Although Alabama continues to reside in the lower segment nationally in many significant social and economic rankings, there has been improvement in some areas, particularly in ethnic relations, including the integration of schools and the election of African Americans to political offices.
Nevertheless, Alabamians and outsiders alike tend to agree that the state retains a distinctive way of life, rooted in the traditions of the Old South. Population (2010) 4,779,736; (2017 est.) 4,874,747. Although the average elevation of Alabama is about 500 feet (150 metres) above sea level, this represents a gradation from the high point of 2,407 feet (734 metres), atop Cheaha Mountain in the northeast, down across the Black Belt to the flat, low southern Gulf Coast counties.
Elevations rise to 1,800 feet (550 metres) in the more rugged eastern portions.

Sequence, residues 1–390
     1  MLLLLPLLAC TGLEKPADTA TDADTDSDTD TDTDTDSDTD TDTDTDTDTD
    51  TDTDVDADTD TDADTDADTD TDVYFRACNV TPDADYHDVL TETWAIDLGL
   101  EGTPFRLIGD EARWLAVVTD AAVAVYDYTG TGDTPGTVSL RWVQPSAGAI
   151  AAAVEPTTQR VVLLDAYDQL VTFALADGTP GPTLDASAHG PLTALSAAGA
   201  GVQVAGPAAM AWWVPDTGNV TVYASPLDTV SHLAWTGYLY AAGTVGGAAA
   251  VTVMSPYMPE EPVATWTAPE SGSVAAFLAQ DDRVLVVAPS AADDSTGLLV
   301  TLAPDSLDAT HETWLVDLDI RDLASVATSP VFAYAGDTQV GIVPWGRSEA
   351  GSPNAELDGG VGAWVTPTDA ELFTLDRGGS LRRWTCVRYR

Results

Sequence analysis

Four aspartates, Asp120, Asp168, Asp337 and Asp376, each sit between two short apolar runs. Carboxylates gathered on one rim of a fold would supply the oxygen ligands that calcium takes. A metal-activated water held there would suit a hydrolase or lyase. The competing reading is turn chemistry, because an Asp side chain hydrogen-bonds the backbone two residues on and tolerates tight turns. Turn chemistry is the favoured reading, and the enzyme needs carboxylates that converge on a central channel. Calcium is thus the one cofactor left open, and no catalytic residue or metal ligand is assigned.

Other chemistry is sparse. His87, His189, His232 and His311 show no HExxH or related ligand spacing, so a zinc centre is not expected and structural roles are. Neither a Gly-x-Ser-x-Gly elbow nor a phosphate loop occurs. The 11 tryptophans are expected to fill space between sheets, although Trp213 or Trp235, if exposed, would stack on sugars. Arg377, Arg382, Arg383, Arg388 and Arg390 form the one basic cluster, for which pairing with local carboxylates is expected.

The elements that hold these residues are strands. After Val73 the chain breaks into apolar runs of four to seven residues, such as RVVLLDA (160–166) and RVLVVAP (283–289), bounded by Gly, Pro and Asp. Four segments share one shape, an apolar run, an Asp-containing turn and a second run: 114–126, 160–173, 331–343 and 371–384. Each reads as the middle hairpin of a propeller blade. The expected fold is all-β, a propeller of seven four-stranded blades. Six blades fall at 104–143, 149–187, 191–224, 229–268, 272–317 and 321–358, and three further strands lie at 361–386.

The Alabama climate is temperate, with an average annual temperature of about 64 °F (18 °C), mellowed by altitude to some 60 °F (16 °C) in the northern counties and reaching 67 °F (19 °C) in the southern counties, although summer heat is often alleviated somewhat by the winds blowing in from the Gulf of Mexico.Occasionally the temperature may rise to 100 °F (38 °C) in the summer, whereas frosts occur with more frequency; snow may sometimes fall in the northern counties.The average summer temperature is 79 °F (26 °C); the winter average is 48 °F (9 °C).Precipitation is fairly evenly distributed throughout the year, with an annual average of 56 inches (1,420 mm) and a concentration on the coast. These favourable conditions have given the state a long growing season, ranging from about 200 days in the north to some 300 days in the south.Alabama is subject to severe weather, especially during the warmer months.In late summer and early fall, southern areas can be hit by strong tropical storms, including hurricanes as they sweep northward from the Gulf; Hurricanes Camille (1969) and Katrina (2005) were especially devastating to coastal areas.